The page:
With the country currently embroiled in the Afghan-USA imbroglio, domestic issues have been on a backburner. In the unprecedented scenario created by Covid-19, a plethora of socio-economic issues have further defaced the internal setup of the country.
One such example is the sorry state-of-affairs of the energy sector. This has manifested in frequent power cuts, soaring inflation, food insecurity and accompanying humanitarian issues like unemployment, intolerance, gender violence and even murder.
Due to circular debt, currency devaluation and large inefficiency, load-shedding has increased manifold. As a resident of Islamabad, I have witnessed a surge of panic due to the unscheduled outages in power supply for high-end sectors – this affects foreigners and diplomats, who had been unaccustomed to living in the pre-electric era until now. Recently, rains intensified the predicament as the twin cities remain engulfed in prolonged power blackout. Islamabad Electricity Board (IESCO) has demonstrated incompetence in eradicating extended periods of unannounced loadshedding, tripping and low voltage.
As per the 2021 reports from the World Bank, our unemployment rate has spiraled to 5% and poverty rate to around 40%
Covid-19 has taken a toll on Pakistan’s economy as industrial and agricultural productivity have diminished and inflation has increased. Further investigations reveal that unprecedented population growth and urbanization and are long-term culprits behind all sorts of socio-economic debacles. They are culminating into an alarming situation whereby we are headed towards a ‘Malthusian trap’ as manifested by shortage of food. There is a taboo against contraceptives, family planning and sex education which has withstood the test of time.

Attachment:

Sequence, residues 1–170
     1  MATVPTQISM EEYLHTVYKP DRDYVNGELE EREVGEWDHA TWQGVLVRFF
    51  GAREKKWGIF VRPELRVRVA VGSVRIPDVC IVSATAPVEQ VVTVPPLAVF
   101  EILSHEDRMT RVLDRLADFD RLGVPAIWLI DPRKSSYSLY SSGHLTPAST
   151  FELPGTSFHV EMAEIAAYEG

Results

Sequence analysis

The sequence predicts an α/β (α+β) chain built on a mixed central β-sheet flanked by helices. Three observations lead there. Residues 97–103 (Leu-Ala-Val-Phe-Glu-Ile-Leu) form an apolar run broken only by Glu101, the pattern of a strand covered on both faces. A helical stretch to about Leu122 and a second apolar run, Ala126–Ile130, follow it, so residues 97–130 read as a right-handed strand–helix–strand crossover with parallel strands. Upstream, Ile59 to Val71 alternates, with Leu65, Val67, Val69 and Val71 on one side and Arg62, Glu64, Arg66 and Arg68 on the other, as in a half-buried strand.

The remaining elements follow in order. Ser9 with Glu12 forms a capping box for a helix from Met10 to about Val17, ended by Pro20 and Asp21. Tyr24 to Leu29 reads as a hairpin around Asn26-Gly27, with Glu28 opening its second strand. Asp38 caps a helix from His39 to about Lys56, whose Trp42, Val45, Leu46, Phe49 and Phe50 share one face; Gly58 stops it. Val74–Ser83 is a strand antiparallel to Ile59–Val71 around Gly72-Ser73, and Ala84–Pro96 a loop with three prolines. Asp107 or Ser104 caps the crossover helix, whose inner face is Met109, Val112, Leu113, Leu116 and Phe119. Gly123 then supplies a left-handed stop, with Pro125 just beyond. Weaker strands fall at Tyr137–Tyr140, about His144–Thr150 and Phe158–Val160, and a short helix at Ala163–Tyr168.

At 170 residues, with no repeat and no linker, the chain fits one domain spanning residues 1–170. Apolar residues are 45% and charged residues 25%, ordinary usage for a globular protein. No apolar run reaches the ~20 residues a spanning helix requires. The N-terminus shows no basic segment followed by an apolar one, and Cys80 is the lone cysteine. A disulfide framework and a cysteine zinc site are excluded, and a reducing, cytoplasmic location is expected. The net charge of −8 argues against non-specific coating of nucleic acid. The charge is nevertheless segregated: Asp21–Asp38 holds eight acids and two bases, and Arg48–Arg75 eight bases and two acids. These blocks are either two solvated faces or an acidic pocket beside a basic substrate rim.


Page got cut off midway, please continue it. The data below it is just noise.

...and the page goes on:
Consequently, as per the 2021 reports of the World Bank, our unemployment rate has spiraled to 5% and poverty rate to around 40%. The results have not only manifested in poor living conditions but aggravated mental and physical well-being. A major dark side has been a rampant increase in the crime rate, ranging from theft to even murders propelled by intolerance and frustration. Despite ranked as the safest city of Pakistan, this year Islamabad fell victim to the largest recorded crime rate in its history.
School-closures due to the lockdown and general indigence have intensified the plight of the education sector. Out-of-school children, inequity and juvenile delinquency are on the rise. Children have become involved in drug abuse, underage drinking and street crimes due to declining mental health, anti-social tendencies and apathy regarding social evils.
The Single National Curriculum has come under scrutiny as it seems irrational. Instead of upgrading public schools, the private schools are being forced to lower down their standards. Sindh simply refused to implement it saying that it disregarded cultural diversity, after Punjab Curriculum and Textbook Board became the sole judge of syllabus.
In retrospect, the enduring socio-economic issues have become a political albatross in Pakistan. It is crucial for all stakeholders to settle political differences and unite to unravel these herculean tasks. The need of the hour is for Pakistan to make a paradigm shift in policy-making. Transformation and reform must be prioritized in key matters of unemployment, poverty, corruption, inflation, climate change, decentralization of resources, overpopulation, education, energy crisis and circular debt. The regulatory framework must be adaptable, nuanced, resilient and sustainable. For successful outcomes, we will need strict compliance by all ministries and regulatory agencies – made possible not only by suitable government policies but also active civic participation.
The writer has completed her BSc in Politics and International Relations from the University of London and underwent training programmes under the National Assembly, Ministry of Foreign Affairs and South Asian Strategic Stability Institute among others.